Brian Wardle, Professor, Department of Aeronautics and Astronautics, MIT

Tuning sodium’s knobs

On the whole, iron has been the conventional catalyst for growing CNTs. This is the first time investigators have noticed that sodium also has an equivalent effect, stated Wardle.

Sodium and other alkali metals have not been explored for CNT catalysis,” stated Wardle. “This work has led us to a different part of the periodic table.

To ensure that their initial observation was not simply a coincidence, the researchers tested a variety of sodium-containing compounds. Initially, they experimented with commercial-grade sodium, which was in the form of detergent pellets, table salt, and baking soda and was bought from the campus convenience store. However, ultimately, the researchers upgraded to purified forms of those compounds, which they subsequently dissolved in water. Next, they dipped a carbon fiber in each solution of the compound, coating the whole surface in sodium and at last transferred the material to a furnace and performed the usual steps involved in the CVD process to grow CNTs.

At large, the researchers observed that, while iron catalysts were able to form CNTs at up to 800 ºC, the sodium catalysts formed dense and short forests of CNTs at relatively lower temperatures of about 480 ºC. In addition, after the surfaces spent approximately 15 to 30 minutes in the furnace, the sodium merely vaporized away, leaving behind hollow CNTs.

A large part of CNT research is not on growing them, but on cleaning them—getting the different metals used to grow them out of the product. The neat thing with sodium is, we can just heat it and get rid of it, and get pure CNT as product, which you can’t do with traditional catalysts.

Brian Wardle, Professor, Department of Aeronautics and Astronautics, MIT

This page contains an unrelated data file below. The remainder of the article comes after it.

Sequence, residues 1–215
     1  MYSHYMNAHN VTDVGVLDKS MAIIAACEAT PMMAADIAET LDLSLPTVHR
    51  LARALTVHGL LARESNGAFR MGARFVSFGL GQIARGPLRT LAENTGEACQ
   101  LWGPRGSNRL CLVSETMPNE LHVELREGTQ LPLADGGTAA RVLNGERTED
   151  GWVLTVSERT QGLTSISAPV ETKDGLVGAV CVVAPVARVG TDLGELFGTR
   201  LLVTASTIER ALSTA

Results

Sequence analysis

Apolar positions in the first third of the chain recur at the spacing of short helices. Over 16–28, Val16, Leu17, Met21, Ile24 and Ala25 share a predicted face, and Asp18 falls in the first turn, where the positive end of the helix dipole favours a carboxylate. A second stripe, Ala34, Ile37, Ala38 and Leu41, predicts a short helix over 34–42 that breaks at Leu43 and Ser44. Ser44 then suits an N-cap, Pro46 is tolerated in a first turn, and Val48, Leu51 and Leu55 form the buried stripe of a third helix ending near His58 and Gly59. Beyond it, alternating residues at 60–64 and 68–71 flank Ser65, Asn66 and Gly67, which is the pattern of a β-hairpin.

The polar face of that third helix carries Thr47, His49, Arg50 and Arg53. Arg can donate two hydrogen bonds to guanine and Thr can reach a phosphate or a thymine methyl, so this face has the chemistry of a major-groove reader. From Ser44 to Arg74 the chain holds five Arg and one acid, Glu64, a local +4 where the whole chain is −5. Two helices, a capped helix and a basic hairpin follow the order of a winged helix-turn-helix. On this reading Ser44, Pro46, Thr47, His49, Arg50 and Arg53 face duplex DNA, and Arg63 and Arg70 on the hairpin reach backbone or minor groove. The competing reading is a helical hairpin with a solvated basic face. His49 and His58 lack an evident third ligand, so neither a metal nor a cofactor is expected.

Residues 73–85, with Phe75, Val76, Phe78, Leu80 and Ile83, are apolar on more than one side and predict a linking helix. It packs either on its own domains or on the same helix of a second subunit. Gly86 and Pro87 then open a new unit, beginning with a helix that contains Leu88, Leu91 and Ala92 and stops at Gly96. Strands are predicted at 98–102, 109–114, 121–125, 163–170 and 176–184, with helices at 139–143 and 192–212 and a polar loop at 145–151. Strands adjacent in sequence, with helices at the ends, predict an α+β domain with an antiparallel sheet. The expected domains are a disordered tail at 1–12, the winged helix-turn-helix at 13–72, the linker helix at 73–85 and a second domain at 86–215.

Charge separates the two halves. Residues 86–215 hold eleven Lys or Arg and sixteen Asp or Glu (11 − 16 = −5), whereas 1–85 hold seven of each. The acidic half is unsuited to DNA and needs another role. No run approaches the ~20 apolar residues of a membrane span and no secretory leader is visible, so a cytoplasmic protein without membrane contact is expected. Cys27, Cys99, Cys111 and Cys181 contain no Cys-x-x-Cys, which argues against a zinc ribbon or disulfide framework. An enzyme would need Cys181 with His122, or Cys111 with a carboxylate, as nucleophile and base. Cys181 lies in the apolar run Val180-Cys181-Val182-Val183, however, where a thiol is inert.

According to Li, upcoming work may concentrate on enhancing the quality of CNTs grown with the help of sodium catalysts. The team also noticed that although sodium was able to create short, dense forests of CNTs, the tubes’ walls were not suitably aligned in seamlessly hexagonal patterns. CNTs get their distinctive strength only from these crystal-like configurations. Within the CVD process, Li intends to “tune various knobs”, altering the temperature, timing, and environmental conditions so as to enhance the quality of CNTs grown using sodium.

There are so many variables you can still play with, and sodium can still compete pretty well with traditional catalysts. We anticipate with sodium, it is possible to get high quality tubes in the future. And we have pretty high confidence that, even if you were to use regular Arm and Hammer baking soda, it should work.

Richard Li, Study Lead Author and Graduate Student, Department of Aeronautics and Astronautics, MIT

According to Shigeo Maruyama, professor of mechanical engineering at the University of Tokyo, the possibility to cook up CNTs from such a standard ingredient as sodium should provide a deeper understanding of how the remarkably robust materials are able to grow.

It is a surprise that we can grow carbon nanotubes from table salt!” stated Maruyama, who was not part of the study. “Even though chemical vapor deposition (CVD) growth of carbon nanotubes has been studied for more than 20 years, nobody has tried to use alkali group metal as catalyst. This will be a great hint for the fully new understanding of growth mechanism of carbon nanotubes.”

The study was partly supported by Boeing, Airbus, Embraer, Lockheed Martin, ANSYS, Saab AB, TohoTenax, and Saertex through MIT’s Nano-Engineered Composite aerospace STructures (NECST) Consortium.